|April 17, 2008|
I was lucky enough to be invited to beer dinner thrown by The Lost Abbey, held at the Port Brewing facility in San Marcos. Tables were set up inside the small brewery, making it a very cozy evening. Luckily, everyone knew one another and didn’t mind being in a candlelit brewery with over 120 others.
The first thing you always notice when entering the Lost Abbey is that there are barrels almost everywhere, from floor to ceiling.
The brewery was turned into a restaurant for the evening.
With co-owner Vince Marsaglia creating a mobile kitchen by the rolloup door and outside.
The Port Brewing/Lost Abbey brewhouse.
And some of the tanks.
Before the dinner began, we were served Avant Garde and an assortment of delicious cheeses and vegetable appetizers.
Most of us who arrived on the first bus just milled about the bar and stuffed ourselves, as we waited for the later arrivals to fill up the available seats.
And not just food, we also enjoyed refills of beer, too.
Sitting on each table is the Lost Abbey’s newest product, Holy Water, which is reverse osmosis filtered water which they will begin selling shortly for between three and four dollars a 750 ml bottle. Lest you think the name blasphemous, it was blessed by a Lutheran minister. Frankly, I think it’s brilliant marketing. If you’re having a dinner party or run a restaurant, you have this wonderful package to set on the table or sell to your guests.
Dinner started with a salad of mixed spring greens with raspberry vinaigrette, caramelized walnuts and gorgonzola, paired with Isabelle Proximus Collaborative Sour Ale, a beer made by blending beer by Tomme, along with Adam Avery, Sam Calagione, Vinnie Cilurzo and Rob Todd. Sam drew the artwork for the beer, shown here on a cask of it.
The mobile kitchen ran like a well-oiled machine, preparing each dish there at the brewery.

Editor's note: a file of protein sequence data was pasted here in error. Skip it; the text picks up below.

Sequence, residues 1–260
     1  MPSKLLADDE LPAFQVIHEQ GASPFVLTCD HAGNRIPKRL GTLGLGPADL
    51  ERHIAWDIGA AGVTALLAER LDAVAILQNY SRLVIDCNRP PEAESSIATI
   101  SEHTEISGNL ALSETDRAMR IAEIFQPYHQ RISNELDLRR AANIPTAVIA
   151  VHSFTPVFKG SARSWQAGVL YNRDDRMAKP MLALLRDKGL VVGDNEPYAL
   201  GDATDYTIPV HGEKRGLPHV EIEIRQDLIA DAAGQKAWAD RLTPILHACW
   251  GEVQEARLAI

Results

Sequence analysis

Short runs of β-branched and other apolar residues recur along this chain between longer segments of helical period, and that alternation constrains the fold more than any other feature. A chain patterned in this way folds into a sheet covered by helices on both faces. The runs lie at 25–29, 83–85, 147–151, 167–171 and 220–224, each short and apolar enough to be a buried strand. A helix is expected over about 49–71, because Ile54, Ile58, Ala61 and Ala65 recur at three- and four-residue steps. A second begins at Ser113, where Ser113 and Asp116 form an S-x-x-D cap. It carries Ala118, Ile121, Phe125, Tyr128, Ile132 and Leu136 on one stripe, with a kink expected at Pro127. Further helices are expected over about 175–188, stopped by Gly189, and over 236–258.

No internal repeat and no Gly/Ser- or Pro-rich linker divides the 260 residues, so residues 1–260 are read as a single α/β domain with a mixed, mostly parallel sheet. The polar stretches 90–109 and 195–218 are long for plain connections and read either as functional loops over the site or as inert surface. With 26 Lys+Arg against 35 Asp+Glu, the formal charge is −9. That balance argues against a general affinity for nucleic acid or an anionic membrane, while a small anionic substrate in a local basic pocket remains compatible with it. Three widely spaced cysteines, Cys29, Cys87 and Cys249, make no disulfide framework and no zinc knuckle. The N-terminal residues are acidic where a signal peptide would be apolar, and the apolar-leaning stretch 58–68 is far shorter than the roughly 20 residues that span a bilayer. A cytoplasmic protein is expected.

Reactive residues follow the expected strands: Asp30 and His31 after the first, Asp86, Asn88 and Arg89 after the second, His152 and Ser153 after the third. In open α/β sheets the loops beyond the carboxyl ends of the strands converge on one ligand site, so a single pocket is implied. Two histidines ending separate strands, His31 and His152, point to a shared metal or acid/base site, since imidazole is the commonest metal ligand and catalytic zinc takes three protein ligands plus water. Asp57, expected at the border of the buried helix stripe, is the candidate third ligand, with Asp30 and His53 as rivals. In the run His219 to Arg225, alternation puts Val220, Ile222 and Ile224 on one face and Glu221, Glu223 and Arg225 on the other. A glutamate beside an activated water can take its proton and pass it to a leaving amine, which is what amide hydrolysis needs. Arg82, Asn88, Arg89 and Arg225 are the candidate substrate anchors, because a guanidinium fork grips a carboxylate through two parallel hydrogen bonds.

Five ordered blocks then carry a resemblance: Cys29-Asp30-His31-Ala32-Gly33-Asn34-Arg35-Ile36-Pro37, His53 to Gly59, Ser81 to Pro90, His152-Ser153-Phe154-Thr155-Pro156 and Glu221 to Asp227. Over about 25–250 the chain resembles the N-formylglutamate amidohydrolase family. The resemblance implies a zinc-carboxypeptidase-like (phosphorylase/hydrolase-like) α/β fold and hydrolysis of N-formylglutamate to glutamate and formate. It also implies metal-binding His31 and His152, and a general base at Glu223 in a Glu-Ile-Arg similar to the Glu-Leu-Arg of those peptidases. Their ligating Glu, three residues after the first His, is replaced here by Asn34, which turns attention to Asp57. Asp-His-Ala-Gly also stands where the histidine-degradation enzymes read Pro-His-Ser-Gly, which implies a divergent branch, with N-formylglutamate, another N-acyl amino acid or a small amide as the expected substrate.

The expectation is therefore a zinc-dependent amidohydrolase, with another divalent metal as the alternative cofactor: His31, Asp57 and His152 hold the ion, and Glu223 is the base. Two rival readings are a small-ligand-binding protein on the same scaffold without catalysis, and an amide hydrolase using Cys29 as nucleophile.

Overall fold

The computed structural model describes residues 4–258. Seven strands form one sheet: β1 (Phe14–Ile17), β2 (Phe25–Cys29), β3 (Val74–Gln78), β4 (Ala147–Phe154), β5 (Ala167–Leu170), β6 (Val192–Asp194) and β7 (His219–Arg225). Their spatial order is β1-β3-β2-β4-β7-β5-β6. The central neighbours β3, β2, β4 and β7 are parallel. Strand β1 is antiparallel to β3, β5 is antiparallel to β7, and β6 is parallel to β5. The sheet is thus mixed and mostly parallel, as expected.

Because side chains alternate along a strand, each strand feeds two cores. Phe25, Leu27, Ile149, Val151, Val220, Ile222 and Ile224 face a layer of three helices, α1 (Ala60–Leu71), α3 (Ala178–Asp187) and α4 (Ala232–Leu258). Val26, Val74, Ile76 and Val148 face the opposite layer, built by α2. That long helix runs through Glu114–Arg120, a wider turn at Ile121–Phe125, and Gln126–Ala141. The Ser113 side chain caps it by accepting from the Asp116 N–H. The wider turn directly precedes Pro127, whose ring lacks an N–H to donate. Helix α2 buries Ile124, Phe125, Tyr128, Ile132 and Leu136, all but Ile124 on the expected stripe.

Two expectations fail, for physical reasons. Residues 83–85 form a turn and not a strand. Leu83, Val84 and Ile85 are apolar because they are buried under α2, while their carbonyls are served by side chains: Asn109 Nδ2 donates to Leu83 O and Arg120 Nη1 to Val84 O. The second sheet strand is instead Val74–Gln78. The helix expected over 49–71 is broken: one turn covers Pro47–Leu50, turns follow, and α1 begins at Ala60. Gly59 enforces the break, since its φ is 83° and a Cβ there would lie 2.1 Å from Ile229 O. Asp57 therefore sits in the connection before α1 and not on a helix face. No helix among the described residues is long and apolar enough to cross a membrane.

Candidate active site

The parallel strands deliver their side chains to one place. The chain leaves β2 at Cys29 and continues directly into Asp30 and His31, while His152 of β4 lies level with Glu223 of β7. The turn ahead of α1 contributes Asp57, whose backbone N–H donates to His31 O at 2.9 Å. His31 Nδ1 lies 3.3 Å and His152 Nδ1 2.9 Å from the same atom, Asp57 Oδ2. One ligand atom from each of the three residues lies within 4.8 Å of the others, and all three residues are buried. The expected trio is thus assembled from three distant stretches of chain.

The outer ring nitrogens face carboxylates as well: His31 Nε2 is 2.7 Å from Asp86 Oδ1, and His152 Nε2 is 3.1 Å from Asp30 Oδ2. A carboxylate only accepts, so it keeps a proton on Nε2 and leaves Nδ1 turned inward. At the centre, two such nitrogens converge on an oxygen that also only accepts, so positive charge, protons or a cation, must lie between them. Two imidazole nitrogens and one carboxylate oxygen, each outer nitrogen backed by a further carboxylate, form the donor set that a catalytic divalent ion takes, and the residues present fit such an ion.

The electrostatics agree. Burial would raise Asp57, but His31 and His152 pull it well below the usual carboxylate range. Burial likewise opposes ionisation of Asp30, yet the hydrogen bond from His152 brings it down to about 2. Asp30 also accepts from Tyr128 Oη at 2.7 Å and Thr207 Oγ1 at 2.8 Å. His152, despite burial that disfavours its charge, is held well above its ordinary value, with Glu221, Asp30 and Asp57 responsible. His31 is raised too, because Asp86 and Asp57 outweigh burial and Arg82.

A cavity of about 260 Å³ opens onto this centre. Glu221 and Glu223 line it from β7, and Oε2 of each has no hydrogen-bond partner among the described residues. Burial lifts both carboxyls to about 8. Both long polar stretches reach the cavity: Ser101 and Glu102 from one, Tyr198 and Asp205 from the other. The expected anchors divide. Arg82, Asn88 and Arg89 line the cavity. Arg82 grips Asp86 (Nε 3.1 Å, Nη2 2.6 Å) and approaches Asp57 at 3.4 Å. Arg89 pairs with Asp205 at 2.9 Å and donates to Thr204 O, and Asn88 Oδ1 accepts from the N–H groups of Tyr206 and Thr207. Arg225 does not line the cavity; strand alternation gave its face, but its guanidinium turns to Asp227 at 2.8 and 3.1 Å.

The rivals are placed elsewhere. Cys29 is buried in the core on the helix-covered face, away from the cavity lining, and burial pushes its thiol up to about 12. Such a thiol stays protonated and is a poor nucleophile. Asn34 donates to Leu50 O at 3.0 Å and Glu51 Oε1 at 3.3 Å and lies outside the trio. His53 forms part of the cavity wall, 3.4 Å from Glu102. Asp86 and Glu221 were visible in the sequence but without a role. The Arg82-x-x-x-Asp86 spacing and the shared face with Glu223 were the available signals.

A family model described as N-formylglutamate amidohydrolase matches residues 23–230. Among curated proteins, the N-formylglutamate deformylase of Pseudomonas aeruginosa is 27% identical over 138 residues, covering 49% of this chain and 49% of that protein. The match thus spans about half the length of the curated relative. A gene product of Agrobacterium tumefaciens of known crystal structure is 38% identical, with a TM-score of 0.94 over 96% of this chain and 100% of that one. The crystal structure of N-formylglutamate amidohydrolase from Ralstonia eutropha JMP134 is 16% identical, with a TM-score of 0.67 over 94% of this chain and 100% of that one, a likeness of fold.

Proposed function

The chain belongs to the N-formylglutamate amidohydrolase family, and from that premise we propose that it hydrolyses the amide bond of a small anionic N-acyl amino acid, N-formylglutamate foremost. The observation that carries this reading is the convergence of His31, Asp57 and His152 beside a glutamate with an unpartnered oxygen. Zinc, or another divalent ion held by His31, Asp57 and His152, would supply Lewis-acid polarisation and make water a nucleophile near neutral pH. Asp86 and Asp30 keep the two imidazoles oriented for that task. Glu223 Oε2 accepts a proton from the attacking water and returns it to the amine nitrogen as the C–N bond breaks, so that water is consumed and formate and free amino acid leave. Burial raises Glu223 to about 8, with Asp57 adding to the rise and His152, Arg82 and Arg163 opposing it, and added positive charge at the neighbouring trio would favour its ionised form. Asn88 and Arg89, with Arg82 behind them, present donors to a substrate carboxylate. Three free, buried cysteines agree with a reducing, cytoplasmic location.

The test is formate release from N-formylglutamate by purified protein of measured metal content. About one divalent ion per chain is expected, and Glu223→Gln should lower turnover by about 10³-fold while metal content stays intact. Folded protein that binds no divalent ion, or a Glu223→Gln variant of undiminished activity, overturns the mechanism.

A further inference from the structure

Our second course was Carlsbad Aqcua Farms mussels with barbequed oysters and seared scallops paired with 2007 Cuvee de Tomme.
At sat in the back corner of the brewery, surrounded by casks on four walls, with Vinnie and Natalue Cilurzo, Britt Antrim, Adam Avery and three of Adam’s brewers. Though between courses, some of us wandered around and others visited us, like Tomme did here.
Our third course were plantain confit egg rolls with roasted corn and peppers served with a maple cilantro reduction sauce and paired with Lost and Found Abbey Ale.
After which, Jennifer Talley and Matt Brynildson stopped by for a visit. Notice how the bottles are stacking up on the table?
As did table neighbors Sam Calagione, Bruce Paton and Jeff Bagby.
The main course was A duet featuring Old Viscosity braised short ribs with a pomegranate reduction sauce and rack of lamb, paired with Amazing Grace Ale, which is essentially barrel-aged Lost and Found Abbey Ale.
Before each new course, Tomme hopped up on the bar in the main room and told the crowd about each beer and its pairing. Our table was through the door behind Tomme and to the right, out of sight.
One of the main reasons for the dinner was the debut of Isabelle Proximus Collaborative Sour Ale, a beer made by the five brewers and inspired by their trip to Belgium two years ago with Italian beer writer Lorenzo Dabove, better know simply as Kuaska. This was first time all six of them were able to try the beer at the same time and they led a toast to the new beer.
And toasted one another, as well.
From left: Tomme Arthur (Lost Abbey), Lorenzo Dabove, Vinnie Cilurzo (Russian River), Sam Calagione (Dogfish Head), Adam Avery (Avery Brewing) and Rob Todd (Allagash).
Dessert was chocolate cheesecake with chocolate covered espresso bean shavings, paired with Older Viscosity Bourbon Barrel Aged Dark Strong Ale .
Tomme came around again at the end mingle with his guests.
Things got increaingly louder throughout th evening, and at the end of the night there was some arm-wrestling, this match was between Matt “Handtruck” Thrall, from Avery, and Bruce Paton. Dave Keene, acted as the official starter.
It was close, but I think Bruce lost.